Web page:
I’m a fan of those email productivity hacks or tips, which are passive, which once you do it, you set it and forget it. If you have to do it actively, it’s a habit building thing, it’s not really a trick.
Another trick is, last year, so many new newsletters came in. So what has happened is a lot of emails are circulating around and all somebody needs to send you an email is your email address.
One hack is just create a filter in your Gmail or any inbox, an email service, with the word word unsubscribe, so any email which contains the word unsubscribe, automatically remove it from your inbox and move it to another folder, say Newsletters or Marketing or anything. This is one folder that you will check whenever you want to check not actively so you will only get important emails in your inbox.
Everything which has the word unsubscribe will be moved to this inbox that you can check once in a day or twice in a day. Again, a passive email productive hack just once, set it and forget it. Honestly, this is one logic that we used in the first version of Mailman so when we wanted to figure out “Hey, which are important emails, and which are non important emails?”
We were looking for the “unsubscribe” word in the email. If it has the “unsubscribe” word, we would say that it is not important, If it didn’t have unsubscribe, we would say this is important to you. So this is one of the pieces of logic that we actually built in Mailman, it’s a much more complex logic now, but this is something you can accomplish using just your inbox filters.
One thing: don’t have plans for two years, three years. My biggest learning was either to plan for six weeks, or 60 years, nothing in between and planning for six weeks had been working great for anything that I have done; Building Products, building teams, trying out new marketing ideas.
Six weeks is kind of the sweet spot that I figured out myself, not quarter, not month, six weeks, either plan for six weeks or 60 years, nothing in between just keep an eye on the bigger picture and then do small, small incremental stuff in six weeks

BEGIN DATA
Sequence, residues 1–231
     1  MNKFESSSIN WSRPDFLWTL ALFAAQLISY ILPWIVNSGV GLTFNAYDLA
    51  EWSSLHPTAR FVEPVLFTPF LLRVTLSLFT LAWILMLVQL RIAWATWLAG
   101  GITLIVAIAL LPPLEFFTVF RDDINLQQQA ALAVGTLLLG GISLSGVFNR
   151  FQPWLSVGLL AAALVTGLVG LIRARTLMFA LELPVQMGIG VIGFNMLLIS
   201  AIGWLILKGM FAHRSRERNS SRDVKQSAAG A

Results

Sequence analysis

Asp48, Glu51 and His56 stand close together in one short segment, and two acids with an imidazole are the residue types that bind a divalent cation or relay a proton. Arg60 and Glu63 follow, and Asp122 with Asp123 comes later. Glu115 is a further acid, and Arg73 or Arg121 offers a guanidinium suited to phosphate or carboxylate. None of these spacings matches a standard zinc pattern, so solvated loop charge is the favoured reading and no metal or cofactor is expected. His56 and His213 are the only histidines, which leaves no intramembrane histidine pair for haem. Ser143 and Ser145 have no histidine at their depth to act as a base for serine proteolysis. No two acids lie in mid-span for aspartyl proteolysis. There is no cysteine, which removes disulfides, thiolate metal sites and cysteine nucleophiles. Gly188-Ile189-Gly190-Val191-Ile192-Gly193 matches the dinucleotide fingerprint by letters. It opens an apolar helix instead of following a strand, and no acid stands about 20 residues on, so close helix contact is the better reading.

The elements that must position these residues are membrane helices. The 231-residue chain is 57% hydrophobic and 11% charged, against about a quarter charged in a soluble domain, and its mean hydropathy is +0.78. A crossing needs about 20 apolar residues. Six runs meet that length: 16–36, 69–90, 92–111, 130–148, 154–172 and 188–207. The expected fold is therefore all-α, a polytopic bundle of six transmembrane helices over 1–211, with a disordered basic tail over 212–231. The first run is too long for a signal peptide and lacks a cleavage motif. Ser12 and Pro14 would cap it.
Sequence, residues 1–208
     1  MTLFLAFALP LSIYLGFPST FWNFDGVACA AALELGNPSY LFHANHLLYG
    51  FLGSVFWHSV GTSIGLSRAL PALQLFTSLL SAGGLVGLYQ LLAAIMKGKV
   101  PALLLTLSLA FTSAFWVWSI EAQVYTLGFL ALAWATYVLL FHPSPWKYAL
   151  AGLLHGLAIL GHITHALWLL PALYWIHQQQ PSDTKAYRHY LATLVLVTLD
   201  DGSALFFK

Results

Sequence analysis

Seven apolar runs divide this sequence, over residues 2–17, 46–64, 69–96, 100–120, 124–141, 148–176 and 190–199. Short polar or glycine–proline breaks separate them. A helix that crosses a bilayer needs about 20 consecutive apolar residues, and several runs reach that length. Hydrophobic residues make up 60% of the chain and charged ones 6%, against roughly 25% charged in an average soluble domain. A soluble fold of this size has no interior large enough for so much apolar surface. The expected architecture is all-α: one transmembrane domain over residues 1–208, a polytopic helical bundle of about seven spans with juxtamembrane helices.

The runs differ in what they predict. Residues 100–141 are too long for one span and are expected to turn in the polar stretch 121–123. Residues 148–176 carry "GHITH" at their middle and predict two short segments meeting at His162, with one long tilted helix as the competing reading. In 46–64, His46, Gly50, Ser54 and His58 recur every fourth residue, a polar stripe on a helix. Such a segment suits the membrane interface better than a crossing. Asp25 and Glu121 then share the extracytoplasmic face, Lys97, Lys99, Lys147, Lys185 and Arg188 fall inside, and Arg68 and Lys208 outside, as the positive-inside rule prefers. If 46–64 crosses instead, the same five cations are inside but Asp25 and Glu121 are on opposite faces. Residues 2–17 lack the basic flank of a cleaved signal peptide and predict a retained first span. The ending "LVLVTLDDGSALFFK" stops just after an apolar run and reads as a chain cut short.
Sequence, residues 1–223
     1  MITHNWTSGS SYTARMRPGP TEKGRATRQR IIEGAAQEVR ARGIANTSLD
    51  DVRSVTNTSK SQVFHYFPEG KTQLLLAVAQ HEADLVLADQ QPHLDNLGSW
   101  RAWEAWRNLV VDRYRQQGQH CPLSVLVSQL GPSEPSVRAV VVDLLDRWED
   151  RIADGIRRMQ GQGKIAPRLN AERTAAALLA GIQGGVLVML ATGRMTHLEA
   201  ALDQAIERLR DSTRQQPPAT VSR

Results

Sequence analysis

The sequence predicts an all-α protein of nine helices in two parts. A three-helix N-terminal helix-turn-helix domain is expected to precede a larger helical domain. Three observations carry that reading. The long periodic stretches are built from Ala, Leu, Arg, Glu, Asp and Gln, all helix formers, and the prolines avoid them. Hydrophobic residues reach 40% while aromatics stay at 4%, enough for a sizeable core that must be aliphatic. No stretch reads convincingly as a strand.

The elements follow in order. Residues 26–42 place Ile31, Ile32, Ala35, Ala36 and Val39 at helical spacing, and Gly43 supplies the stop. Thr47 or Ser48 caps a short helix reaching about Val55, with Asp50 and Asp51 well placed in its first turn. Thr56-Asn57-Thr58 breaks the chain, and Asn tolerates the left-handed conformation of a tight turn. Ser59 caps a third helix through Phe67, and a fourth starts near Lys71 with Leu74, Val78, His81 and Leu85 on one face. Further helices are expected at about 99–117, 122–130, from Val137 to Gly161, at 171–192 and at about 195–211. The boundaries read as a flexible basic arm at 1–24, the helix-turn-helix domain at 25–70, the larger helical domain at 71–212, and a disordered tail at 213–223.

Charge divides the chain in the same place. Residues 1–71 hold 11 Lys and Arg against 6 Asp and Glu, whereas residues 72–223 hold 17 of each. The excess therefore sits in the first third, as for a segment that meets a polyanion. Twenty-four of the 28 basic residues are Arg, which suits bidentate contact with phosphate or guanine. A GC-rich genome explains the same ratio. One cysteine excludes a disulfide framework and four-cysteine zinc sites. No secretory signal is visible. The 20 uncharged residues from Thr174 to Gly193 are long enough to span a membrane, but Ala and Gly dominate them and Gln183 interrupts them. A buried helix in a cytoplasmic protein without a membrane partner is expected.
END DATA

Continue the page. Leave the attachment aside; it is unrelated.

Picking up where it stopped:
Right now we are two people. We have 1000s of users, mostly thanks to Andrew Wilkinson’s Twitter account, most of the people came in from there. Also, he’s followed by many influencers, so when they signed up, they also tweeted about it and then there was a little bit of flywheel that went on in the first six months. So we got 1000s of users. Right now we are standing just over 7000 users and most of them came from Twitter.
One thing that really didn’t work until now, and I’m being open, and totally honorable about it, on a public platform is the paid marketing. Word of mouth is working, organic reach is working, but paid marketing, whenever we try to be greedy, “hey, we have a funnel, this user journey works, let’s spend $10,000 on this and get more customers”. That traffic is still not converting well.
A few dollars are coming in and free users are coming in hundreds, so I’ll tell you one thing, you do not agree that your inbox is a problem, unless I convince you that it is a problem, so that is not a problem that you are already aware of. Going through your inbox feels like work and overflowing inbox means more productivity, more work, it feels like something is happening, which more or less is like running on a treadmill, unless your job is just to manage your email inbox.
This awareness is something that is missing, so people are not looking for a solution for this problem. They’re not looking to solve the problem of their overflowing inbox, the majority of them, some are, not most of them. So you have to first tell them that this is a problem.